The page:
Despite Improved 2024 Outlook, Labor, and Other Risks May Drag Restaurants Down

The U.S. restaurant industry will continue to shake off the aftereffects of the pandemic in 2024, but that doesn’t mean the challenges that remain are easily dispelled. 

Even though cooling inflation is a positive, it’s still running ahead of the Federal Reserve’s 2 percent target and has not yet resulted in relief on costs. Stubbornly high interest rates also keep operators squeezed by the cost of money, both long-term debt and revolving credit lines.

But the leading drag on the industry are its labor woes. The persistent shortage of people is aggravated by inflationary pressures on wages combined with complications of new minimum pay requirements. Another growing risk: nuclear verdicts over dram shop law violations, driving up the costs of liquor liability insurance.

Those restaurant organizations that closely monitor and manage such existing and emerging risks will be best positioned to ride out the turbulence. Here’s an overview.

Dealing Better with Labor Pains

The industry needs more people. Full-service, cafeterias and grill buffets are the segments experiencing the biggest struggle. Quick service, fast casual and bars and taverns have exceeded where they were in February 2020. As of the end of 2023, the industry is still 14,000 jobs behind that pre-pandemic level.

It’s the industry’s biggest concern. Nearly 75 percent of the industry executives surveyed in the HUB International 2024 Outlook Executive Survey said it has affected their business’ vitality, leading over half to sharpen their employee recruiting practices.

Beyond recruiting, many employers are responding to the tight labor market by sharpening their focus on the kind of employee experience they’re providing. One way to improve its quality is through personalized benefits that speak to the individual’s needs and wants. Older workers, for example, might prioritize prescription drug benefits and a robust retirement plan. Younger employees might be less interested in a comprehensive health plan, but more interested in telehealth and mental health counseling services.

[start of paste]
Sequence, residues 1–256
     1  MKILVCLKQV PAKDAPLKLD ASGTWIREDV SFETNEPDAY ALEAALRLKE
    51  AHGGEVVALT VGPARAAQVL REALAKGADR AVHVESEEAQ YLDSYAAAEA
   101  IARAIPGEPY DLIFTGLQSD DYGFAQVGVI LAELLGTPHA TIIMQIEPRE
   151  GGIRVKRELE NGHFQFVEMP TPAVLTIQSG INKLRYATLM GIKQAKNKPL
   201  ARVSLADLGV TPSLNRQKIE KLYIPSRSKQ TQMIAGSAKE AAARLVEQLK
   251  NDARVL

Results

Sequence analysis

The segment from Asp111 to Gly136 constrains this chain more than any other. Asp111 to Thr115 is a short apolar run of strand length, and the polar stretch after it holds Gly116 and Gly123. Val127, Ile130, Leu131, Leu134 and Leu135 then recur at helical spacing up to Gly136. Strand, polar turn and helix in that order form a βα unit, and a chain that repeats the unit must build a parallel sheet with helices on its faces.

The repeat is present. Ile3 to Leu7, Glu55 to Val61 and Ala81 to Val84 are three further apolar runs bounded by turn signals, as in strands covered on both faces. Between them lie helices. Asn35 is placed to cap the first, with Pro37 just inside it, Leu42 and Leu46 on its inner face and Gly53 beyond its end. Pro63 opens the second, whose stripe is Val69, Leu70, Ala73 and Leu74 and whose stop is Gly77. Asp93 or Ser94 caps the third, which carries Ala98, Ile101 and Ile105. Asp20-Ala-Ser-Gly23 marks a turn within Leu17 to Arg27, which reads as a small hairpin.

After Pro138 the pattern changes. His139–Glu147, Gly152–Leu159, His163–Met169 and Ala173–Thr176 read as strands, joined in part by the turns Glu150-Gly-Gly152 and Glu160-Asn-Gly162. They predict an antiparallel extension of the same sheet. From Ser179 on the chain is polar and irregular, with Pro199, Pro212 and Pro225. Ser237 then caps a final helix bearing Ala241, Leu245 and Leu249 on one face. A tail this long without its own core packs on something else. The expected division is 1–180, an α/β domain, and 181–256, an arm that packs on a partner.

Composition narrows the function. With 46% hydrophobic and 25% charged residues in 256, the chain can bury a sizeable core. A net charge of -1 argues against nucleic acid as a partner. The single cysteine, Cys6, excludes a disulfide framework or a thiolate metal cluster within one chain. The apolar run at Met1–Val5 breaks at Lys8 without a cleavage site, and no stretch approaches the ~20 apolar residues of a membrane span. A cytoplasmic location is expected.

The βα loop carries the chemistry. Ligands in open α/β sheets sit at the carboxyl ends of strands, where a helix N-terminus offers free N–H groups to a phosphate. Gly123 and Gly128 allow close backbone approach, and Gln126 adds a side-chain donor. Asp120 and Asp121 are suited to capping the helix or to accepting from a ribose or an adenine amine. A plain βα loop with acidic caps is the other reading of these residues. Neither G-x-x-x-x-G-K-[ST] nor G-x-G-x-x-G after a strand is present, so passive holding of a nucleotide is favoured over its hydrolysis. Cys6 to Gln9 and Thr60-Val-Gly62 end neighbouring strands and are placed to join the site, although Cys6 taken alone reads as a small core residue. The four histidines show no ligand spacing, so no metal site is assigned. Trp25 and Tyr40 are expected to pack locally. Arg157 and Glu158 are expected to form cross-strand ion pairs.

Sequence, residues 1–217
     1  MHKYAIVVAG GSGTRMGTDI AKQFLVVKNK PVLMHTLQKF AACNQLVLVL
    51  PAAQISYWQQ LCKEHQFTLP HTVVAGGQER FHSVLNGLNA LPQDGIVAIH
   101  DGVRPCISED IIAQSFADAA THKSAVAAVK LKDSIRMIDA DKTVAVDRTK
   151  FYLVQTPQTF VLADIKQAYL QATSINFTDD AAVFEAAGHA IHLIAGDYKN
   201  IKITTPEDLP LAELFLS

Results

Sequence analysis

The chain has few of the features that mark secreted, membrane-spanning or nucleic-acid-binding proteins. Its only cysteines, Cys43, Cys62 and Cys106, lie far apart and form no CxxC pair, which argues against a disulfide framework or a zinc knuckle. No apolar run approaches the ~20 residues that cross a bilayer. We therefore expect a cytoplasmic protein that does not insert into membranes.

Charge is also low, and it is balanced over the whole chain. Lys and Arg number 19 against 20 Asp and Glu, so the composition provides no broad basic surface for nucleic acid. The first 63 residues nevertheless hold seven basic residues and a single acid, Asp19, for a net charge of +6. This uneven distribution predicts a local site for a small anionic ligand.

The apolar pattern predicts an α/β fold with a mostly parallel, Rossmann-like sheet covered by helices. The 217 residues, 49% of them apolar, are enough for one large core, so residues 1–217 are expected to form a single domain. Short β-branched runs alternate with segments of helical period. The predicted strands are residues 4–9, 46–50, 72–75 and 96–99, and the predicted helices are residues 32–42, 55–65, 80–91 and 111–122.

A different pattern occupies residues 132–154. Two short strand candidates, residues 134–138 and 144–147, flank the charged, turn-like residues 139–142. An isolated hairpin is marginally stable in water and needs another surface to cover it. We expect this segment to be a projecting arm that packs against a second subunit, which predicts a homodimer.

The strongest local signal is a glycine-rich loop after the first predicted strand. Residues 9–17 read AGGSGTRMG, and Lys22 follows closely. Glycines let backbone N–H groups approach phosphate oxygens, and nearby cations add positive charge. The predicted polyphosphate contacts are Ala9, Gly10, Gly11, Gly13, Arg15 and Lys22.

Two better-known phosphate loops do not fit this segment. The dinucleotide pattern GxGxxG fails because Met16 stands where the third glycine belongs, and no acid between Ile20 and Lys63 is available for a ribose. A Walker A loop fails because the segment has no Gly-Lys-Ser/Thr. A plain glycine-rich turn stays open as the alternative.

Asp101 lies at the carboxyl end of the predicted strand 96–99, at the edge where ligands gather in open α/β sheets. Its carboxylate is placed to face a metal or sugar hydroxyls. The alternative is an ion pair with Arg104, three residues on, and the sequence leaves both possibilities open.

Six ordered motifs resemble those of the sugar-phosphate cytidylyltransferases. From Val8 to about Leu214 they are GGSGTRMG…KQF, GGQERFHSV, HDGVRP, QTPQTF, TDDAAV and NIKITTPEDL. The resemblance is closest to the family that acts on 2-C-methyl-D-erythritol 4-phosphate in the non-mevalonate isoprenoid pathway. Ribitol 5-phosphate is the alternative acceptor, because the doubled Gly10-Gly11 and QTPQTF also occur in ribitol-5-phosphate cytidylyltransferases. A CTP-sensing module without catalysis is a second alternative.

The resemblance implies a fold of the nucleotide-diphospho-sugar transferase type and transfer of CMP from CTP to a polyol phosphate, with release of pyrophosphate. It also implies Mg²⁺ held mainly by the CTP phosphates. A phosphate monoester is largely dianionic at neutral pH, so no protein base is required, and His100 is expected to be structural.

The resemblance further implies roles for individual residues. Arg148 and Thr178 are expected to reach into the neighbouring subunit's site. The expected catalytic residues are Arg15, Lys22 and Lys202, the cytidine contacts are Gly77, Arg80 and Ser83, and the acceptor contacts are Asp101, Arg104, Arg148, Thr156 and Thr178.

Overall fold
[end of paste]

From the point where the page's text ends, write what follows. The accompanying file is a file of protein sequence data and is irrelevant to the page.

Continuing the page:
In fact, offering wellness benefits that cover mental health services would solve a lot of the industry’s ills. The environment, marked by ongoing disruption and uncertainty, has created a huge burnout problem. With their mental health affected, 42 percent of foodservice frontline workers currently want to leave their jobs.  

Many restaurant groups have improved their employee assistance programs in response. Some larger groups have even added a therapist to the staff. And well-being benefits do make a difference, reducing recruiting costs and sick days taken as well as promoting employee satisfaction. 

Liquor Liability, Wage and Hour Risks Grow

Nuclear verdicts over violations of dram shop laws are increasingly common. One Miami bar, for example, was ordered to pay a whopping $95 million for damages stemming from a drunk driving incident.

It’s a continuing problem into 2024 for establishments that serve, making it critical to have adequate liquor liability insurance. But it’s hard to get and very costly. One South Carolina bar owner reported that his liquor liability costs skyrocketed from $5,000 to $60,000 in only three years. It should encourage managers to tighten their practices in 2024, starting with fine-tuning and documenting policies, and training to help avert over-serving. Conflict resolution training is also a must.

Another potential issue in 2024 is the risk of wage and hour violations as higher minimum wage requirements – with their attendant complications – take effect. This can get complicated, raising concerns like maintaining a fair pay gap between more experienced staff and minimum wage employees, and compensating fairly for tipped versus non-tipped work.

One of the impacts will be on employment practices liability insurance in 2024. Insurers are adding wage and hour exclusions to policies and reducing limits in response to class-action litigation filed by servers and other front-of-house staff.

Preparing for Whatever Comes

By consulting a broker before renewal, restaurant owners demonstrate to underwriters their commitment to risk reduction through plans for mitigating potential exposures. It’s the best way to secure coverage at the best terms and prices. Some guidelines:

  • Thoughtfully lean into risk. Factors like high interest rates and nuclear verdicts make insurance more expensive. Alternative insurance vehicles like captives can provide access to insurance capacity. Look for guidance on insurance strategies aligned with your risk profile and budget.
  • Increase workforce engagement through benefits. Hospitality companies with a benefits strategy based on personalization that foster a quality employee experience (QEX) will boost engagement, have an advantage in recruiting and retention and lower risk as well.
  • No surprises. Share with your broker any changes to the business to avoid surprises at renewal. Exposures and insurance needs should be reviewed at least 90 days prior to policy renewal, so your broker can identify the best options.